Common sense suggests that the primary responsibility of a British Columbia Water Sustainability Act should be protecting the watersheds of British Columbia, not being ‘equitable’ to investment interests, especially foreign ones.

Exemptions for ‘Power Purpose Water’

Also disturbing are the exemptions the new Water Act gives to water withdrawals for generating power. Water consumption for power generation is enormous yet the new Act proposes a 40 year exemption from license renewal to this most critical sector of water use.

We have no idea what climate changes may confront us next month, let alone FORTY years from now. The amount of British Columbia’s water currently used for generating power consumed by Canadians and Americans is staggering. Where is the flexibility and foresight in this proposed new Water Act for sustaining British Columbian interests when power corporations (which were once and are no longer publicly owned in British Columbia) are granted special long term exemptions?

Diverting vast quantities of BC’s water to support outdated energy generation for Canadian and American consumerism at a time when climate change is bringing devastating drought to two thirds of North America is nothing short of treachery. Or is it blind stupidity?

Energy, and how we source it, is the key to our future well-being, or our demise. Those who control energy control us…unless we (the collective) wake up. The time has come to graduate from exploitive energy generation to free energy sources. This vast universe supports massive systems without paying a single cent to BC Hydro. Innovation, support and funding for suppressed technologies is needed NOW.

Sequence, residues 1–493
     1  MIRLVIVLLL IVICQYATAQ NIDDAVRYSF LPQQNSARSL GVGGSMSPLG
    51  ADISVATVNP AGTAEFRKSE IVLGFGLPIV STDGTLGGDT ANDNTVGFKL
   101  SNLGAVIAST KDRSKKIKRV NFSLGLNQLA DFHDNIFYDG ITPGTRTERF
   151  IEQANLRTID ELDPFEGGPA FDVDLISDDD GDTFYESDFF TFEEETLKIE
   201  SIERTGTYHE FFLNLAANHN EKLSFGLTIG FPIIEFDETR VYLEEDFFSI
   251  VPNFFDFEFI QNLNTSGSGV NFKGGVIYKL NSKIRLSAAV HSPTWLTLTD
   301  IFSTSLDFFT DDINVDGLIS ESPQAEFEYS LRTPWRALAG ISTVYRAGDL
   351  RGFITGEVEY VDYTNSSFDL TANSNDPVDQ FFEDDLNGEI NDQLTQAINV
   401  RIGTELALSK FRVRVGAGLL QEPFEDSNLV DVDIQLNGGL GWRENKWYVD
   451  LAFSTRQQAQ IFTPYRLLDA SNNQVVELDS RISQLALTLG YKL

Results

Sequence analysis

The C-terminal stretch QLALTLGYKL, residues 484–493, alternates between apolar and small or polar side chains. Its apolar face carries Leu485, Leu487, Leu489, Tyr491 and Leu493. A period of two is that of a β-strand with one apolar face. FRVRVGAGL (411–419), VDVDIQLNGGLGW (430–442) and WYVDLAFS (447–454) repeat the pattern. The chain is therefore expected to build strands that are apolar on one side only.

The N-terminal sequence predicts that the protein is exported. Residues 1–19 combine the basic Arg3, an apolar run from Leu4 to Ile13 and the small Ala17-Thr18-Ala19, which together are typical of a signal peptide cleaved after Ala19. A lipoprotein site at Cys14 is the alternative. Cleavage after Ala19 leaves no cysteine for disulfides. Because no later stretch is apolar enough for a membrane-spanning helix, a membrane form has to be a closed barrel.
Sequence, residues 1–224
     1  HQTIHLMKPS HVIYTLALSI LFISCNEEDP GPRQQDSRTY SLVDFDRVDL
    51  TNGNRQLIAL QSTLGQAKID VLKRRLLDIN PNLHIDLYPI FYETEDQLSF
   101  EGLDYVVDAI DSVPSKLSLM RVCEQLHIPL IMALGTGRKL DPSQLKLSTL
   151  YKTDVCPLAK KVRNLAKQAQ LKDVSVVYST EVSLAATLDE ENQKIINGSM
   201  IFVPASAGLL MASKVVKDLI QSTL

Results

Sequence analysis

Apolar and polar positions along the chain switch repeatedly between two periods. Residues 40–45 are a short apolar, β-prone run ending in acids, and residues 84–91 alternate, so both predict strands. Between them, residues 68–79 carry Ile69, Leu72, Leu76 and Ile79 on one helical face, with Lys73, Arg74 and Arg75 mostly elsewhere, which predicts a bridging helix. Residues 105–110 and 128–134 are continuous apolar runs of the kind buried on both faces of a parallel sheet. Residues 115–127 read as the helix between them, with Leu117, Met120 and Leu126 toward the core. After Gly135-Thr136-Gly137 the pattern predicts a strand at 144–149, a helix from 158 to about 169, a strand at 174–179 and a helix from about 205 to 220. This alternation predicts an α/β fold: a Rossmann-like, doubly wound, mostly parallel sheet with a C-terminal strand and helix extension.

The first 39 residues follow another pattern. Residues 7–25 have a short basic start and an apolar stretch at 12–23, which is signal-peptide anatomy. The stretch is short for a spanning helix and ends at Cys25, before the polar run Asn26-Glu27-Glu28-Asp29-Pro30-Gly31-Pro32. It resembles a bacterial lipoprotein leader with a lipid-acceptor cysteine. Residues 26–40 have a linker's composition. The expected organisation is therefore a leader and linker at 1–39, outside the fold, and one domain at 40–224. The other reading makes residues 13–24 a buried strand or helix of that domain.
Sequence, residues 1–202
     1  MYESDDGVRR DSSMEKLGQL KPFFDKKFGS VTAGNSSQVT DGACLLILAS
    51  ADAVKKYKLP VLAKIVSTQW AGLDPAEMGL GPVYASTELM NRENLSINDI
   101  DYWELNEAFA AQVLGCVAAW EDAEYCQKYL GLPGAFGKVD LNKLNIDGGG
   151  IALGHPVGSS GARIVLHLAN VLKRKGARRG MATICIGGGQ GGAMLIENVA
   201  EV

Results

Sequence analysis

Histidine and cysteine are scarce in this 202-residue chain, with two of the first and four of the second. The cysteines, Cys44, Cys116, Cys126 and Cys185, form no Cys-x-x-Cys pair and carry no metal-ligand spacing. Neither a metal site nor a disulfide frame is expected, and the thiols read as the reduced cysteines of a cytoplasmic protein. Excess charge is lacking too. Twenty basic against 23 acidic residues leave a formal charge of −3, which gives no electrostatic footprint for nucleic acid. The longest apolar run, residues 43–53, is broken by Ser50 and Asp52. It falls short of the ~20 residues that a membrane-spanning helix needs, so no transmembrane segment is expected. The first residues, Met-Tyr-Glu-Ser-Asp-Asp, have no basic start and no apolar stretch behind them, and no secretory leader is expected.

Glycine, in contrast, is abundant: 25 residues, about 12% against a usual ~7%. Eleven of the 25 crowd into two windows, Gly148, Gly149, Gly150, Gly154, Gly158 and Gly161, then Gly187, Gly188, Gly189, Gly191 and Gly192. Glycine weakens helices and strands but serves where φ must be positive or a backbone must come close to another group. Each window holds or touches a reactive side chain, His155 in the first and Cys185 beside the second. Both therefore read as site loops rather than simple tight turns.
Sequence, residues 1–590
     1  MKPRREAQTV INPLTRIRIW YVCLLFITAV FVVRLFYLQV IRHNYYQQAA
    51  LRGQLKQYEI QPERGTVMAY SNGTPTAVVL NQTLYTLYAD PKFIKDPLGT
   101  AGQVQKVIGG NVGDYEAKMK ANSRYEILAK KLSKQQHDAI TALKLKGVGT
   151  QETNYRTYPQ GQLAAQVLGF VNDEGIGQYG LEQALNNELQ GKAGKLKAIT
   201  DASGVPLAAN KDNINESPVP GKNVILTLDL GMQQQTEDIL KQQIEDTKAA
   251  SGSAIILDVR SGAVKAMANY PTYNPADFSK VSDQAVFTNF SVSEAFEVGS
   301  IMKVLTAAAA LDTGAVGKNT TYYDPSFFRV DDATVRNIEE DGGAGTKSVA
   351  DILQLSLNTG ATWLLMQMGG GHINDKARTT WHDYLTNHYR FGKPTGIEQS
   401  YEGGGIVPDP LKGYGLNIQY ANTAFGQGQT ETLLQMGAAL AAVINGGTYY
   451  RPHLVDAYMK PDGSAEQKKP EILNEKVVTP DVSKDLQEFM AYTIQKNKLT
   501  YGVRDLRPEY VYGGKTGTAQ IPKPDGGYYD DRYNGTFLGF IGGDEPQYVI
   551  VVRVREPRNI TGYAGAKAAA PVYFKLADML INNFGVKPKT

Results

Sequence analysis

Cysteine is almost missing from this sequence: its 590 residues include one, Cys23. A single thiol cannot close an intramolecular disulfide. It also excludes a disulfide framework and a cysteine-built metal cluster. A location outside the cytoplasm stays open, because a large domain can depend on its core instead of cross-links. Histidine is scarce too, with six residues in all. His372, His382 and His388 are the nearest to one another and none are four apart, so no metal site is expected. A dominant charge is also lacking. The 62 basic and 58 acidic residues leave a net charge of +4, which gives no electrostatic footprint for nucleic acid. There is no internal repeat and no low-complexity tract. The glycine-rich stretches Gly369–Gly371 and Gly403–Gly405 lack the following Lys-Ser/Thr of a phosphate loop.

We, Collectively, Need to Step Up to the Plate

This proposed Water Sustainability Act does not reflect the magnitude of what is at risk. Good governance requires intelligence, courage and innovation. These qualities are missing from this proposed new Act.

It’s time for some governance with guts and intelligence and it is going to have to come from us, the collective. Existing government and political process clearly isn’t getting the job done as needed.

You can read the proposed new Water Sustainability Act here.

Public feedback about the proposed new Water Sustainability Act is invited here by November 15, 2013.


2 Responses to “BC’s New Water Act: Is Our Water Protected?”

  1. jesse Says:

    this is so disturbing
    harper wont leave anything left of this country

  2. Monique Constant Says:

    I agree that the new Water Sustainability Act lacks courage, foresight and wisdom. After reading it from start to finish I had many questions, too many to name here, most importantly why is it that investors, mining, oil and gas, and electricity are still much exempt from paying their dues. Domestic users of water account for much less use compared to industrial and commercial uses combined, and yet it it still pounded in that we need to be careful of our water use during extreme times. I do my part, it would be nice to see and hear big corporations do their part as well. I think bigger fines, more thorough assessments, longer wait periods for projects and shorter license terms that require renewal every year. Along with this, monthly and yearly fees for corporations, mining and drilling for oil productions, factory farms, and no allowances made for First in Line. As one can imagine while reading this I am quite unsympathetic toward the industries of exploitation.
    Thank you for the info, I will definitely be sending in my two cents of thought to the Minister.